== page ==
After weeks and weeks of struggling to keep myself from spending every single sun-filled waking hour outdoors, now I’m finding it tough to be anywhere but indoors. Rain – which has finally arrived – is happening or about to happen most of the time. And though my vegetable garden desperately needs me to be up there, getting things ready for major spring planting, I’m stuck inside watching the big olive tree outside the kitchen window droop under the rain. Even the non-rainy moments are uninviting after the glorious weather we’ve grown so used to.
Se piove venerdì santo, piove maggio tutto quanto. If it rains on Good Friday, it will rain all May. The real heavy stuff hit on the afternoon of Maundy Thursday: over in Palazzone there was an almighty hailstorm, I’m told; here we had about ten minutes of deluge then hours of good steady precipitation. I can’t, honestly, remember what happened on Good Friday. But I’m thinking that if it did rain, it was hardly anything and certainly not enough to merit a squelchy mess a month down the line. All May. I really do hope not.
Work has begun on the garden I’m doing with Peter in Parioli (Rome). Monday was a long long day of standing in pre-rain dust, planting, moving, replanting, viewing from different angles and wondering whether I really had placed things correctly. But when, in the evening, a large chunk of the client-family turned up and seemed pleased, I was reassured. And Peter, too, was happy when he saw how it was going, which is even more important.
On Tuesday I shall be high up in the Umbrian hills, moving earth in my project in that strange outcrop of inexplicable houses in the middle of nowhere. The client-family will be around there too, over from Ireland on an Easter visit.
I do love that feeling of culmination that standing among workers gives you. Not, in either of these cases, that the job is anywhere near finished. (In the former, the work on the house has been dragging on for 15 years and though the garden, we hope, will be slightly swifter, I don’t see it being wrapped any time soon.) But the move from on-paper (or on-screen) to on-the-ground is such a gratifying one that it’s almost as good as actually finishing. Spring is a fine time when it comes to providing these moments.
On Wednesday, I dropped the weeding-between-bricks I had been doing outside the kitchen door and drove like a fiend to Perugia for a hearing at a consumer arbitration tribunal. After being abandoned here in the snow for so long by Telecom Italia in February, disconnected from the rest of the world, I decided to demand €1000 in compensation – not so much for the money (though every little helps) but to give myself a chance to air my grievances. When I mentioned this the evening before to the regulars gathered in the Saltapicchio winebar in town, I received many pats on the back and shouts of encouragement: resentment against Telecom runs very deep.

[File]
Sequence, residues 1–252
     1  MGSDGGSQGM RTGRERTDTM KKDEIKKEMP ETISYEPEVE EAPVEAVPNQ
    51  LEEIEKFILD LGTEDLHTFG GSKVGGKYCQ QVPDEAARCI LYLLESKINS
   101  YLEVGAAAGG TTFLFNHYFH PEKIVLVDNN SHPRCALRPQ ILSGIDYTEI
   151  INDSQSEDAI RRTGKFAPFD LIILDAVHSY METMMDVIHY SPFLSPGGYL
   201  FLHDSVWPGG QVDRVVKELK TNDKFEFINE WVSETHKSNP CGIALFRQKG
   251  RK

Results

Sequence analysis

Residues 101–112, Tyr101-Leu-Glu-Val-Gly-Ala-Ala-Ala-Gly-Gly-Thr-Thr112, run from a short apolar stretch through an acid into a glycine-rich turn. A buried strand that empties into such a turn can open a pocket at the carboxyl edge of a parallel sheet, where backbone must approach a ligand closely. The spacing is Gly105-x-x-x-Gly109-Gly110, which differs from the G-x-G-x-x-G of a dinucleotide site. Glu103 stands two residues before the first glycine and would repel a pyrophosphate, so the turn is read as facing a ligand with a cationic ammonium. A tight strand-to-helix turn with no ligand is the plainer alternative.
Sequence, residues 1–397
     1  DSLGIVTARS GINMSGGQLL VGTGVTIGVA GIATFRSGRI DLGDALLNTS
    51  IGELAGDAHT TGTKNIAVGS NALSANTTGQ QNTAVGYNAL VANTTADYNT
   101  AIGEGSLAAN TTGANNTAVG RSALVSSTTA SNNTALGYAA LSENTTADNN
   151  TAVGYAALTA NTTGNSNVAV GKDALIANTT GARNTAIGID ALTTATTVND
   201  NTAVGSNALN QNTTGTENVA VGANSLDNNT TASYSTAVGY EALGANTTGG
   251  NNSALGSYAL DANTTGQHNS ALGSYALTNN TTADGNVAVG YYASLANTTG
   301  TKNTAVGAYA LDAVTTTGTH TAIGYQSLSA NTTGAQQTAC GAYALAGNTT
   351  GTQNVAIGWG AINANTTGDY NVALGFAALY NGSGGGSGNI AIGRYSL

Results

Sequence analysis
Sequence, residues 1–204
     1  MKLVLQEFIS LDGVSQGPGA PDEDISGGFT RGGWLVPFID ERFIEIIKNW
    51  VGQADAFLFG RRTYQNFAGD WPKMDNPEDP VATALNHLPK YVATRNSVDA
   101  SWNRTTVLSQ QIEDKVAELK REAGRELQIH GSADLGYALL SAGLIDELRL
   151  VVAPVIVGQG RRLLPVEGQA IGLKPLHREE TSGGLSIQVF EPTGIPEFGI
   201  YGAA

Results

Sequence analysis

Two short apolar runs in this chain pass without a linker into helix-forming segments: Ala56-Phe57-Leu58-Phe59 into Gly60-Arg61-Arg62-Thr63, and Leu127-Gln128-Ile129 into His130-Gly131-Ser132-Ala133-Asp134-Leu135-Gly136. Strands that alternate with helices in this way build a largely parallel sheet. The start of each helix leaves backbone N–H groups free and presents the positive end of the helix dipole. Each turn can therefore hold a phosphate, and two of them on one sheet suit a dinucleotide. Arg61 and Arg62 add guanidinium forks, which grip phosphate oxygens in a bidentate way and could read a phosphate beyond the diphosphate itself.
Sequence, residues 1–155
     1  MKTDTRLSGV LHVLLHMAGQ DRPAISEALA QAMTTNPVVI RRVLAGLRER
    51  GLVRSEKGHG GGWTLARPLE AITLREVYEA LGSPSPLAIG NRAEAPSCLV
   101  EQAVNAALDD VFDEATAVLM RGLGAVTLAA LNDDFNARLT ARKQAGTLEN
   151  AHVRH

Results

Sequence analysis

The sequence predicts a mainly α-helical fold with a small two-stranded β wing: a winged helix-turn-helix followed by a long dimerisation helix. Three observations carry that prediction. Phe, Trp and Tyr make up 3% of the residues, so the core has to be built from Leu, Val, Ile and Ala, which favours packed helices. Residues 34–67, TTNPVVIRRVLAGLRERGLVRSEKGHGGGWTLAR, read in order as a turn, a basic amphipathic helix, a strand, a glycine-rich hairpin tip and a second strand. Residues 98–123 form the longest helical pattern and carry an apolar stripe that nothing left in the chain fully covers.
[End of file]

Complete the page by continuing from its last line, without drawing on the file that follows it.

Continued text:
Such a pity then that I turned up for the hearing precisely, to the minute, 24 hours late. I don’t know how the misunderstanding arose: I had always had the appointment marked for April 4 in my diary, while the papers they sent me had always said April 3. However it came about, I felt understandably stupid and extremely annoyed with myself.
To make things slightly less infuriating, though, my inefficiency may have saved me from a very nasty fate.
At the point when I realised it was time to dash, I had about one square metre of patio to weed. I had been at the job for a couple of hours, (unusually for me) gloveless and wearing thin cotton trousers and low gym shoes. I had been doing the work in a rather absent-minded way, sitting on the bricks. As I stood up to run upstairs and get changed, something slithered out of the remaining patch of weeds.
I’m about 99 percent certain it was a baby viper.
I stood on the kitchen step, transfixed, for a while. It just lay on the bricks in its new position, totally immobile, in that way vipers do. It was still there minutes later when I came back to look. I checked before leaving for Perugia and it had gone. Vanished. Had I continued my weeding to the end, I can’t see how I wouldn’t, at some point, have reached in and touched the thing, at which point I presume it would have bitten me.
I’ve always had this deep conviction that there is a viper out there with my name written on it. Clearly – for the moment at least – it wasn’t that particular one.